Conference and Seminar Scheme*
DEADLINE 15 October 2015
SLAS makes available funds amounting to approximately £4,000 annually to support seminars, conferences and other events which promise to be of high quality, to advance the objectives of the Society, and to appeal to a considerable number of its members.
All conferences and events supported must be open to all members of the Society (subject to payment of conference fees). The contribution of the Society to any conference or event must be clearly and publicly acknowledged.
Recipients are required to provide a copy of the event programme including details of the papers delivered and a 500 word report which may be used on the SLAS website.
|TYPE OF EVENT||MAXIMUM FUNDING AVAILABLE|
|Conference lasting more than one day||£1000|
|Seminar series (seperate events held over one academic year, at one instution.)||£500|
|Other events||Please contact the SLAS Secretary for advice|
To apply, please fill in the application form available here [Word], and send it by email to the SLAS Secretary, Dr Sarah Bowskill, at: firstname.lastname@example.org. PLEASE NOTE: ALL claims and paperwork must be submitted by the end of October.
There is a single annual deadline for this scheme is 15 October. SLAS will not consider applications for events held within one month of the deadline for submission of applications. Applications arriving after the deadline will not be considered under any circumstances.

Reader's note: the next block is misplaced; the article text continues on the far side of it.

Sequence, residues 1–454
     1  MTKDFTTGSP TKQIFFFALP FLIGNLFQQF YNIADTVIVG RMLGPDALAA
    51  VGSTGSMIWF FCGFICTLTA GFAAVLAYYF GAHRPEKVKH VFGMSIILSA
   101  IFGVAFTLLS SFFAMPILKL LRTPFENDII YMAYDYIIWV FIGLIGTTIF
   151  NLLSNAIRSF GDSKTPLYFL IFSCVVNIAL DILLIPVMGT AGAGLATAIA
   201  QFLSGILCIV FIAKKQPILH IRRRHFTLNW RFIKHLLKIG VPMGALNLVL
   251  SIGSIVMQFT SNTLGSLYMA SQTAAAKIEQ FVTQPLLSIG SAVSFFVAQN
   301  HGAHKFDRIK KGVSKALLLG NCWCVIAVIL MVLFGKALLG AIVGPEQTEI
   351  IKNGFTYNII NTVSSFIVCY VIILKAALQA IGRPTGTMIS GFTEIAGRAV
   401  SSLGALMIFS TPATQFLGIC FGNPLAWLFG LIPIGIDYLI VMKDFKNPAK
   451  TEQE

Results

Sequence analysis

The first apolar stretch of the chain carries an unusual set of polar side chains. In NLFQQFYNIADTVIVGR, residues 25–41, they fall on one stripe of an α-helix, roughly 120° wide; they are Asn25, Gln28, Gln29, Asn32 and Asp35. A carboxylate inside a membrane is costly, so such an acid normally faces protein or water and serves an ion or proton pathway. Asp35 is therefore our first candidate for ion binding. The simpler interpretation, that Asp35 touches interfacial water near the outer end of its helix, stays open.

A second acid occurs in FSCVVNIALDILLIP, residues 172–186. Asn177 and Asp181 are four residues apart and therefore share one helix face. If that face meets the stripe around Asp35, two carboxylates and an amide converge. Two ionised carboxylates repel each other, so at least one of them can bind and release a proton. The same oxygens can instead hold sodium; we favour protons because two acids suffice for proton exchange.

Please note that successful applicants must pay the costs associated with their conference or event in advance, and will be reimbursed by SLAS up to the amount of the award. To be reimbursed the conference or event accounts must be submitted to the SLAS Treasurer.
- Originality and potential contribution of the proposed conference / event /10
- Feasibility and coherence of the programme /10
- Rationale for the event including the impact of the seminar on the promotion of Latin American Studies in the host institution and / or locality /10
- Justification of budget (including consideration of funding from other sources) /5
*Formerly known as the Conference and Events Grant.
Nicola Miller (UCL)
“Classical Traditions in Latin American History”, The Warburg Institute, London
18-19 May 2016
Joanna Page (Cambridge)
“Science and Culture in Theories and Histories : Latin America, France and Anglophone World”, University of Cambridge
2-3 July 2016
Valentino Gianuzzi (Manchester)
“Mediator of Cultures: Inca Garcilaso de la Vega and His Heritage” John Rylands Library, Manchester
16 May 2016
Jasmine Gideon (London)
‘Living with Lifelong Exile: Reflections on the Chilean Case', Birkbeck College, London
23 January 2016
Monica Greco (Goldsmith)
“Connected Histories of Neoliberalization”
17 October 2016
Ricki O'Rawe (QUB)
Alexander Curry (London)
"An Insiders View of Non-State Armed Actors: political violence, crime and state formation in Latin America"
Lara Demori (Edinburgh)
'Possibilities of Exchange: Experiments in Modern and Contemporary Latin American Art', Edinburgh College of Art and The Fruitmarket Gallery, Edinburgh
13-14 May 2015
Dunja Fehimovic, Rebecca Ogden, Par Kumaraswami (co-convenors) (Cambridge and Reading)
Branding Latin America, University of Cambridge
8-9 April 2015
Prof Linda Newson and Dr Malayna Raftopoulos (Institute of Latin American Studies )
‘Climate Change and Human Rights in Latin America', University of London
25 March 2015
Michela Coletta (Warwick)
“Education, cultural literacy and collective memory in Latin America”, University of London
07 May 2015
Rosa Andújar (UCL)
'Greeks and Romans on the Latin American Stage'